Posts in category: Business Practice

The Dark Matter that is consumer-led innovation

“The amount of money individual consumers spent making and improving products was more than twice as large as the amount spent by all British firms combined in research and development over a three-year period.” Wow. From Innovation Far Removed from the...

What cultures value

We can tell what a culture values the most by the laws and prohibitions it sets against the opposite of those values. In other words, the opposite of what is strictly forbidden is what a culture values most deeply. We have laws against embezzlement, price fixing, and...

Freeway driving as a business ecology metaphor

From an operations perspective: You can focus on operating the details of your own car (business) or anticipate the actions of other drivers (your competitors). You can look out the front. Or look out both sides. You can practice defensive or aggressive driving (or...

Innovation is not a business model

A successful sustainable business need to run on order and predictability. They do so with tested processes and systems that are dovetailed into a particular supply-demand chain. Innovation requires chaos and dynamism. Breakthroughs cannot occur when you are busy...

A change-embracing approach to business process improvement

Four truisms: Improving is not perfecting. Some battles are not worth fighting. Flowing with reality is saner than forcing your way against the tide. Some aspects of human nature are practically immutable. Most businesses start on a process improvement project because...

Most businesses can’t and don’t want to be more innovative

No slack-off time = no innovation. Most of us work too many hours trying to keep on top of our to-do lists. How many have time to think? Let alone thinking, reflecting or reading up on new things. Or exploring new things, new approaches, trying out a new gadget....

Is culture change a fallacy?

Is the fundamental idea behind culture change flawed? Apparently two thirds of change management programmes fail. The broad steps of any change management programme are: Change people’s perception of the need for change. We now need to be more creative because our...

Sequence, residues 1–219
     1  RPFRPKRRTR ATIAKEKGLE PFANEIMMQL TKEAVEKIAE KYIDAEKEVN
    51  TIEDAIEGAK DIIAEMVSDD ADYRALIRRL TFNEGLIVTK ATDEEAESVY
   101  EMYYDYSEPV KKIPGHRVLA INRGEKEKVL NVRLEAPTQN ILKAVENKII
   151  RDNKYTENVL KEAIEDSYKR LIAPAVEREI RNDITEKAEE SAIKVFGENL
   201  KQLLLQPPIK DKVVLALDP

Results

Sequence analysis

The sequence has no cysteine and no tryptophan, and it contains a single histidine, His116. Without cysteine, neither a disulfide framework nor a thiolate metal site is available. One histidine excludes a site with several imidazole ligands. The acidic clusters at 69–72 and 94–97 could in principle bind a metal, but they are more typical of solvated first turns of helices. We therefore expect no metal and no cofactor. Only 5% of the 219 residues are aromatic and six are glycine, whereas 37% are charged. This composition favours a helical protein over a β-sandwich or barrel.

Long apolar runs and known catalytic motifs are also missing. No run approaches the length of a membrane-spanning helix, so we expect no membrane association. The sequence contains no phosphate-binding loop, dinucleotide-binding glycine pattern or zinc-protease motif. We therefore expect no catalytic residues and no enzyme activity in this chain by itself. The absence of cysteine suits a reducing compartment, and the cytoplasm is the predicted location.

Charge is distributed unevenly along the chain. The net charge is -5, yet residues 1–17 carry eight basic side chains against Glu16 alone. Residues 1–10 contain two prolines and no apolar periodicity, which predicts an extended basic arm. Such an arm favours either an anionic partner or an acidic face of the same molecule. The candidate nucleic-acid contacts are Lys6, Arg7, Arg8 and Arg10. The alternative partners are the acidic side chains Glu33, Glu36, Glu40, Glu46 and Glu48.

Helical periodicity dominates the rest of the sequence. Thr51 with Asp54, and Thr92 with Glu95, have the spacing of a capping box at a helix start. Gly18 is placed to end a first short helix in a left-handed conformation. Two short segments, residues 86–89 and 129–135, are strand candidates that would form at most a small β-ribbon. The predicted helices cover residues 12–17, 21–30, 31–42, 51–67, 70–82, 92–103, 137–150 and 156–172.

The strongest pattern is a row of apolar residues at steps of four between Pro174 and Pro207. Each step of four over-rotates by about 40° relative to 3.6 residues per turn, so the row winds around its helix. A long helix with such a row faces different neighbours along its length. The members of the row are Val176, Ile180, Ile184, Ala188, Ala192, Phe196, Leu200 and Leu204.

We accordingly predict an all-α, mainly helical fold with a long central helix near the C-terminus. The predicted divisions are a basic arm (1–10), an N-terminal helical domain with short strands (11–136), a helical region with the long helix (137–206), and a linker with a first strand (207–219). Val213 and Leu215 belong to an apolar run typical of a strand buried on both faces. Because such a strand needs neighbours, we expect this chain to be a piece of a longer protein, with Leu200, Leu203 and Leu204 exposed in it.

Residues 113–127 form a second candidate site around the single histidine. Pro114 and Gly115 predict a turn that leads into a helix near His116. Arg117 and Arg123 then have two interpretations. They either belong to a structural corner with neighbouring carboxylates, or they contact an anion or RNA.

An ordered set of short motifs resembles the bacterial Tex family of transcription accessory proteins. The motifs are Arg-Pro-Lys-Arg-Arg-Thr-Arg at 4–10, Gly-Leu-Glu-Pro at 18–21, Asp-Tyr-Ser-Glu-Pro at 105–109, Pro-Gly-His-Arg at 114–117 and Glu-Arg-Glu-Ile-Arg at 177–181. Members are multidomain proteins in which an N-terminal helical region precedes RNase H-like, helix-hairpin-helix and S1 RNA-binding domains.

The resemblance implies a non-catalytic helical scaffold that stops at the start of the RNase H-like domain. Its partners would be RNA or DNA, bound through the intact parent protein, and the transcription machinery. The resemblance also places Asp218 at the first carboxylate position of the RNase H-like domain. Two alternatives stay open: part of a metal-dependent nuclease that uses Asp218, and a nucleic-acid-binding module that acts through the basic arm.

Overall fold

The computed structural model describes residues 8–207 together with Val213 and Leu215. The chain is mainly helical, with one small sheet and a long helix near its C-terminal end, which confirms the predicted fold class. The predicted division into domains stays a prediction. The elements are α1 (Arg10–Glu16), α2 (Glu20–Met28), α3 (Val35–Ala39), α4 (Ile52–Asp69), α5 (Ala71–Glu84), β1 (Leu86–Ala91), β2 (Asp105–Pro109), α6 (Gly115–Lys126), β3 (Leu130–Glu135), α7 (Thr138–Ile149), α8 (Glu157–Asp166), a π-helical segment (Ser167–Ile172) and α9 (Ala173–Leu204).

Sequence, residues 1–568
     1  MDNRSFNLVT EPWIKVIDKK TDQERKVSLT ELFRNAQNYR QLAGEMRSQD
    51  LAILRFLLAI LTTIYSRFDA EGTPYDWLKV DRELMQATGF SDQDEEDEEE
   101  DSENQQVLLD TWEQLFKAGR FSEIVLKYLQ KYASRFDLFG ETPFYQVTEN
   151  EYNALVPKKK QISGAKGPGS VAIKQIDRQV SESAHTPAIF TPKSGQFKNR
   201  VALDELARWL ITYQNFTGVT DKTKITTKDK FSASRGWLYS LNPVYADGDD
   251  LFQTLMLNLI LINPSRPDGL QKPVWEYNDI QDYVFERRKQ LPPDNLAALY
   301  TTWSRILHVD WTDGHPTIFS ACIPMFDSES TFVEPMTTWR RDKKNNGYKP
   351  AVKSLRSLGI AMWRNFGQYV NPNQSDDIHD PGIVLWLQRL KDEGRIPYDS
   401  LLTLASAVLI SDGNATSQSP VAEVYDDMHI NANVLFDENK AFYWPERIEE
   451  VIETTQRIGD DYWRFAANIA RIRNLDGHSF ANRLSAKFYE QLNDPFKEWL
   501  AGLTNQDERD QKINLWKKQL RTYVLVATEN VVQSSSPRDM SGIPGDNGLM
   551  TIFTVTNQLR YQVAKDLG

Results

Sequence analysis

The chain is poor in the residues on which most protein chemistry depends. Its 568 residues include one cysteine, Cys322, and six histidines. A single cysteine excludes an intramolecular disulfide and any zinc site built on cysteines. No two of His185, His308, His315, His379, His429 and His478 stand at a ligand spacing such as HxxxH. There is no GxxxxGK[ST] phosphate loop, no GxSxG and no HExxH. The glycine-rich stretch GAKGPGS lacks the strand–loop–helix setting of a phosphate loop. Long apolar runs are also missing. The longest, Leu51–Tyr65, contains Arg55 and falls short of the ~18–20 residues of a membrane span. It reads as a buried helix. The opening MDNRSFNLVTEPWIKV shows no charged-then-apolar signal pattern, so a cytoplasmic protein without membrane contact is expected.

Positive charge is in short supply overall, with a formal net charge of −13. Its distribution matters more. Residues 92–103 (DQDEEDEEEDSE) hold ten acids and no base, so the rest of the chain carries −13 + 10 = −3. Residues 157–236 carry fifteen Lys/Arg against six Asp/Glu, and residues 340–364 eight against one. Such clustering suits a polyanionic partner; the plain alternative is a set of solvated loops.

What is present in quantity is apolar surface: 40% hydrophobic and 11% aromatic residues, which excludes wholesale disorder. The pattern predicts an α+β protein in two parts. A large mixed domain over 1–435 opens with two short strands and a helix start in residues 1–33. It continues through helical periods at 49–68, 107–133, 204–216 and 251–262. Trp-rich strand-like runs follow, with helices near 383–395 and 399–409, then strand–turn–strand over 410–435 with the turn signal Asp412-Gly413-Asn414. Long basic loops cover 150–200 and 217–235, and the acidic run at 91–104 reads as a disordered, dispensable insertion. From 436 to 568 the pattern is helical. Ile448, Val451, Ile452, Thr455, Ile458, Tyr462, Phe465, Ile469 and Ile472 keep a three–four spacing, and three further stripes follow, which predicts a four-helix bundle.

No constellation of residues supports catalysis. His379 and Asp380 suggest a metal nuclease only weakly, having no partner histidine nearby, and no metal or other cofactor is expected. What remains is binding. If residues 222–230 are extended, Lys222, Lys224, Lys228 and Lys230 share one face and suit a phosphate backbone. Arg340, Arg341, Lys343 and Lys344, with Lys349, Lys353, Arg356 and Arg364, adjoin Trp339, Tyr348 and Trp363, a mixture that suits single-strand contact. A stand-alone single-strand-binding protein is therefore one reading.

Cheap-Fast-Good – having it all?

Cheap-Fast-Good – having it all?

The Project Triangle says: for any given project, you can only realistically achieve two out of the three factors. An outcome can be fast and good, but not cheap. Or fast and cheap, but not good. Or cheap and good, but not fast. Can China give the world all three?...

Creating vs replicating your world

This arrived in my inbox after I wrote this post reflecting on home ownership. “Our journey as human beings is not about following a pre-ordained path. Life doesn’t make any more sense when things are done ‘in order’… it’s way more exciting to know that you are...

Size; and “too big to fail”

Size and positional might does not guarantee a win. But you can be too big to fail and thereby be “allowed” to do just about whatever you want. 12 persons changed the world in 9/11. With a minimal of basic tools. 12 persons out-thought and out-manoeuvred the...

F**k my weaknesses

This is my response to an overheard piece of advice (person A was vehemently trying to convince person B to spend loads of time and effort on fixing their weaknesses): No. I don’t want to improve my weaknesses. It is never pleasant nor particularly effective. It saps...

The age of crises

We seem to be living in an age of crises. Environmental, political, religious, ethics, meaningfulness, relationships … you name it – there’s a crisis for it. Where there are crises there are opportunities of course. Here’s a framework for thinking about the...
Processes make corporations stupid

Processes make corporations stupid

I know the value of good processes to reduce the chaos and avoid repeated mistakes. Many smaller business could benefit from some level of processification. Large corporations could, on the other hand, benefit from a reduction or loosening up of their processes. Good...

Commission-based remuneration kills creativity

This is a follow-on thought from my post on Daniel Pink’s TED talk. Research has shown that the Carrots & Sticks approach to motivating people actually destroys their creativity. What does this say about jobs where the issue of money, of being paid a decent...

More incentives does not equal more performance

This TED talk by Daniel Pink presents some counter-intuitive and interesting research on the relationship between motivation and performance in problem solving/creative thinking jobs. More money or more threats only work on simple process-based jobs. Extrinsic...
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